Appraiser and Client Trust Factor
We are professionals and should be treated with the same respect and trust that other professionals are afforded.
Relationships are important. The bonds we form with a spouse, children, friends, or business associates can be powerful and a strength. When trust is broken, however, deep challenges emerge. Divorce, separation, or permanent dissolution can be the end result when someone’s integrity is on the line. The trust factor between an appraiser and the client is essential if professionalism and continued business is to be amicable.
Last month, I wrote an article about taking drive-by and comp pictures. The comment boards lit up. Most appraisers agreed with me (for a change), but many did not. I read every comment and have spent some time thinking about the insights and opinions of so many appraisers. The question that keeps haunting me is, “why?” Why are pictures required in the first place? I think there are two, equal answers. One has to do with clarity, and the other has to do with trust.
USPAP requires that we are not misleading in our appraisal reporting. As they say, ‘a picture is worth a thousand words.’ Pictures can do much to assist us as appraisers in being more clear about what we are trying to say. To say that the subject is similar in quality to comparable 3 is one thing. To show a picture of comparable 3 juxtaposed to the photo of the subject is quite another.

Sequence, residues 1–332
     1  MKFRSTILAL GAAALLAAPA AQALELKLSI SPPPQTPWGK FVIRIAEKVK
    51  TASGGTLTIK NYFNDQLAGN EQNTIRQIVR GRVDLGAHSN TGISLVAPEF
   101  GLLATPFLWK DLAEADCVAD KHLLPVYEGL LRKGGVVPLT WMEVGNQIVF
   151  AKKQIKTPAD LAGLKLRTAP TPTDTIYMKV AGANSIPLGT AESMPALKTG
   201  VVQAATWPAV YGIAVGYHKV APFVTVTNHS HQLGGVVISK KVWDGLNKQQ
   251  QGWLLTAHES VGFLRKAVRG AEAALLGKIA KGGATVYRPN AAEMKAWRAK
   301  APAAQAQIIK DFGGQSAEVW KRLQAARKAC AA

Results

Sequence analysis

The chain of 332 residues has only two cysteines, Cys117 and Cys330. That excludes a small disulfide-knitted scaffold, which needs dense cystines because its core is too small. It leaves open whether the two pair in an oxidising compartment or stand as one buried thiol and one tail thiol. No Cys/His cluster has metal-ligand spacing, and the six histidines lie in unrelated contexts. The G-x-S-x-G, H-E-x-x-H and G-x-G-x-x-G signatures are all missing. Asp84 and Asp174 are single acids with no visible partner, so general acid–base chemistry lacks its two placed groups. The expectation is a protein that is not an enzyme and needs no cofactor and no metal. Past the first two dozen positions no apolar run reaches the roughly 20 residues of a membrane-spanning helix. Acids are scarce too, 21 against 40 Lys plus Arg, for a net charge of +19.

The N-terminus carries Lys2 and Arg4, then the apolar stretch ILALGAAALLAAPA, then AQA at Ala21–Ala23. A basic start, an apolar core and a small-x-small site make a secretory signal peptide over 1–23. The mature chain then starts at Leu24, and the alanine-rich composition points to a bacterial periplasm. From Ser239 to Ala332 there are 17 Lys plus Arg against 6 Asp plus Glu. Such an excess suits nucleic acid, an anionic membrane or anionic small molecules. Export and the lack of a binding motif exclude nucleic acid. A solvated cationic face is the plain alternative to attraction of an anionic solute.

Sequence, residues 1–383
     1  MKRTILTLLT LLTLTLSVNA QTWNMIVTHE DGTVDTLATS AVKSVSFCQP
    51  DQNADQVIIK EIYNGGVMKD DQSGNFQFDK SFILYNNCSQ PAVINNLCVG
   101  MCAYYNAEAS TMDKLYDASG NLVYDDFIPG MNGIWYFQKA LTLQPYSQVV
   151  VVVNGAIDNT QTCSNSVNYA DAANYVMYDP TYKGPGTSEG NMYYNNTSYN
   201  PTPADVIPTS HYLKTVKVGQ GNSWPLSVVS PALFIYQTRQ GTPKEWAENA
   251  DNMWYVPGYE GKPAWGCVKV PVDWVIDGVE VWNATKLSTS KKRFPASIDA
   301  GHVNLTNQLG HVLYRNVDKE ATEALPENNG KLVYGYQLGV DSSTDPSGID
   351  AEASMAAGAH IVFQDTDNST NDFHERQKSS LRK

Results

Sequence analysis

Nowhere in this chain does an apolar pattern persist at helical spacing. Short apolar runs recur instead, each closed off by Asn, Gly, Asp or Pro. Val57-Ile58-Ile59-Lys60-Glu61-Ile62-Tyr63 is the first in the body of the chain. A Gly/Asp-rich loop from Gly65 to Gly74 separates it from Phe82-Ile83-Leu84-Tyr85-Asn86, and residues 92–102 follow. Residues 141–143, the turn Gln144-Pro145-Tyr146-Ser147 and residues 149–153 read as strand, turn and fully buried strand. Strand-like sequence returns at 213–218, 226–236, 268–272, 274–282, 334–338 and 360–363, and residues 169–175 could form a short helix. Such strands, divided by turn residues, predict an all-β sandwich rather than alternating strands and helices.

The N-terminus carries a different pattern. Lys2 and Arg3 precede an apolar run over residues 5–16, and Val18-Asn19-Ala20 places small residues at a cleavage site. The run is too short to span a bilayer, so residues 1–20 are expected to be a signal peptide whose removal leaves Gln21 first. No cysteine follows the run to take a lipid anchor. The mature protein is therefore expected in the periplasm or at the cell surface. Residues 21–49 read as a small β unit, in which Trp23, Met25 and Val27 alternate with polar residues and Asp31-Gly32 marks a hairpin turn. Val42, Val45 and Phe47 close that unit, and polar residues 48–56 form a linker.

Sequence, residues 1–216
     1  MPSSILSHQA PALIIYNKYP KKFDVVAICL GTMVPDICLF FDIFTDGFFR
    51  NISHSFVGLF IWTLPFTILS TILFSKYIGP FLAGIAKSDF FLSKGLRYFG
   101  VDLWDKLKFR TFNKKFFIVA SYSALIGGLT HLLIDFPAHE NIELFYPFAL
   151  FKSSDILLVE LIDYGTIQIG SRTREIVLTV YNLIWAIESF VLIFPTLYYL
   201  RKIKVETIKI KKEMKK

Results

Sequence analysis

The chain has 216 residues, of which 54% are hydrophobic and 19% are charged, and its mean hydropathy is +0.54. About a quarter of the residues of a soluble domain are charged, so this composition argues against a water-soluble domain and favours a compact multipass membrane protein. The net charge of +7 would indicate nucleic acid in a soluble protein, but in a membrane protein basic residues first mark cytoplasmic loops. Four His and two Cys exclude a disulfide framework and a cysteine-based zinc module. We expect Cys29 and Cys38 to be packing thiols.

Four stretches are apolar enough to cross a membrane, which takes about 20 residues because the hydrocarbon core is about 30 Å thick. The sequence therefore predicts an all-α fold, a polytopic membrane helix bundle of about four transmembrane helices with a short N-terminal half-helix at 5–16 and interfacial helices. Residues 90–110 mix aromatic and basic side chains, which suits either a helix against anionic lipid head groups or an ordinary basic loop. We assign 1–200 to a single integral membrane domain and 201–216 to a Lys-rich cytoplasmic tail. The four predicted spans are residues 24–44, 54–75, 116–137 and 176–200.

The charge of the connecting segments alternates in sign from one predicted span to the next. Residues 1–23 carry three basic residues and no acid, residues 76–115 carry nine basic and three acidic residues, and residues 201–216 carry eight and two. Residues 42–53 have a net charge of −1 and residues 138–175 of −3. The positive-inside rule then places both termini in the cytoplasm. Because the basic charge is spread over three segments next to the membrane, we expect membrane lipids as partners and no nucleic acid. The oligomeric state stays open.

Unfortunately for most of our clients, the photo requirements are not so much about clarity, however. Rather, they are becoming more and more about trust. It is no longer enough to say the water and electricity were working at the time of the inspection. AMCs are often requiring photos of the light burning and the water running. It is not enough to report that you inspected the correct home. You are increasingly being told to take a photo of the address numbers. You cannot just state in the report that you drove past all of the comparables. You must take a photo of each one to prove you were really there.
In many ways, I am afraid our clients (and society as a whole) has forgotten the importance of integrity. To not be trusted is a degrading feeling. Can you imagine a friend sharing stories of their recent trip to France and you interrupting them to request that they show you pictures of the Eifel tower to prove that they were actually in Paris? Disrespectful and degrading.
I will concede that some appraisers are not worthy of the respect the rest of us demand. They have cut corners and been less than honest about certain things. Those appraisers should be cut off. Their dishonesty should not spoil things for the rest of us. If an appraiser says the electricity is on, it is on. If an appraiser certifies that they have driven to each comparable, they have. We are professionals and should be treated with the same respect and trust that other professionals are afforded.